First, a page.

Dynamic structures (part 2)
The arrow operator
Before we begin, I would like to introduce to you the "arrow" operator,
->. What is this operator
and why is it made available to us?
Since postfix operators bind tighter than prefix operators in C++, given where
n1 is a
Node pointer, and a
Node object has the member
Node* next, a pointer to another
This is problematic since we're attempting to access
n1 is a pointer to a node, not a
Node object. We need to dereference n1 to get the node object it points to.
However, if we attempt to write,
We have the same problem since the postfix operator is applied first, and a pointer doesn't have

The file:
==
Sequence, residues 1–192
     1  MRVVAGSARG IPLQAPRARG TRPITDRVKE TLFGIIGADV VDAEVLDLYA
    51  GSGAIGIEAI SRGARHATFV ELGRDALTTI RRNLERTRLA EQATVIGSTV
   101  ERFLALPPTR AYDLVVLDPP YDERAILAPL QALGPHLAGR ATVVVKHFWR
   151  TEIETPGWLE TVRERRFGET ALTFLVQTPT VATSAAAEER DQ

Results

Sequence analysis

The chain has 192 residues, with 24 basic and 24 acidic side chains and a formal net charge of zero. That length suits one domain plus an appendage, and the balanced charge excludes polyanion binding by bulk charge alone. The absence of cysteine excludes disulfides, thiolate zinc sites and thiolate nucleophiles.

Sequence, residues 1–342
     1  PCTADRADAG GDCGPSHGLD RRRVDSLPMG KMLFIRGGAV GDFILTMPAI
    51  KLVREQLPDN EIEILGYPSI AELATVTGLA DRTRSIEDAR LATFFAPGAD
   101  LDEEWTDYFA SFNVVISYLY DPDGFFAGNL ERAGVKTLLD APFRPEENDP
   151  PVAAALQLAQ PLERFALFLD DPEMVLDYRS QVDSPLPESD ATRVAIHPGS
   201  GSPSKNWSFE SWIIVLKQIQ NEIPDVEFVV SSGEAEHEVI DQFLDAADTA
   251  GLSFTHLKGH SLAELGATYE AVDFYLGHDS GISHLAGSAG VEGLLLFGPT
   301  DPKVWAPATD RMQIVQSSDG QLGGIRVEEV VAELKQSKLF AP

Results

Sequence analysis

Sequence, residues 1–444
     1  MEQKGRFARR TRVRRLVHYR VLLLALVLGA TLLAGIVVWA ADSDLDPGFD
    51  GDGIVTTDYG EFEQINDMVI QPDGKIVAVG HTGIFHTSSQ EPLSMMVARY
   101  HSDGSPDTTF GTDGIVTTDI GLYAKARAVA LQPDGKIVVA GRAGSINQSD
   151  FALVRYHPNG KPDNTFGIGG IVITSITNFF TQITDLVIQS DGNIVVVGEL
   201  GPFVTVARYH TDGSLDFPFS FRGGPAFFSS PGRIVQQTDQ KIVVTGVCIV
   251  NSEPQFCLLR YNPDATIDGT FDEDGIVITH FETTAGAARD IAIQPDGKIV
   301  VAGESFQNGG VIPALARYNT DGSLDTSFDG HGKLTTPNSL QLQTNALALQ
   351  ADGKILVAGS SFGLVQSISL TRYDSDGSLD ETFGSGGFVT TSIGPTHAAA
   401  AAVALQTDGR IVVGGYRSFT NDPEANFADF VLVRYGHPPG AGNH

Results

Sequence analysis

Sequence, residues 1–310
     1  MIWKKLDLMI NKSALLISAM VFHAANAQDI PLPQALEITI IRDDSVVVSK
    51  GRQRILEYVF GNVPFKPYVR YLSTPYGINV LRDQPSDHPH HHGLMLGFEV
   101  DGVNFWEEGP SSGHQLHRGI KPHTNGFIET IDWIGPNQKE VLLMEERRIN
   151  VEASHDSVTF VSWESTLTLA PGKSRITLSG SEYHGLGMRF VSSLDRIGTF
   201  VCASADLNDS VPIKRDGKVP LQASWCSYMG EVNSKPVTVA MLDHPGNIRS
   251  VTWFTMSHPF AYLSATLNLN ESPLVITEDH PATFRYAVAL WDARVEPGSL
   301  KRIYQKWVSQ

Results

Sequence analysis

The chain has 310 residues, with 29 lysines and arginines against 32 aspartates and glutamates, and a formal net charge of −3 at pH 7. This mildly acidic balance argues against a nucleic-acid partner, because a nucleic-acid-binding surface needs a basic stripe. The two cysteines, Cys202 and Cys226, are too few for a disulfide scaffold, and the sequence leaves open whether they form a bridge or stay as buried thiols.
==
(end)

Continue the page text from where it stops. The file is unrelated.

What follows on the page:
next (it's the object pointed to that does, but the prefix
* is applied after postfix
.). To get the right order of operations on the object, we would need to write
This ensures that the dereference operation occurs first; that
next is invoked on the Node object, not the Node pointer, as problematic in the previous examples.
Accessing a member of an object pointed to is a common operation, but it is not fun to type out
(*n1).next. So, there's the arrow operator (member access operator), which combines the dereference and dot access, similar to how subscripting combines pointer arithmetic and dereference.
n1->next // first dereference the pointer n1 to get the Node object pointed to, then invokes next on that Node object.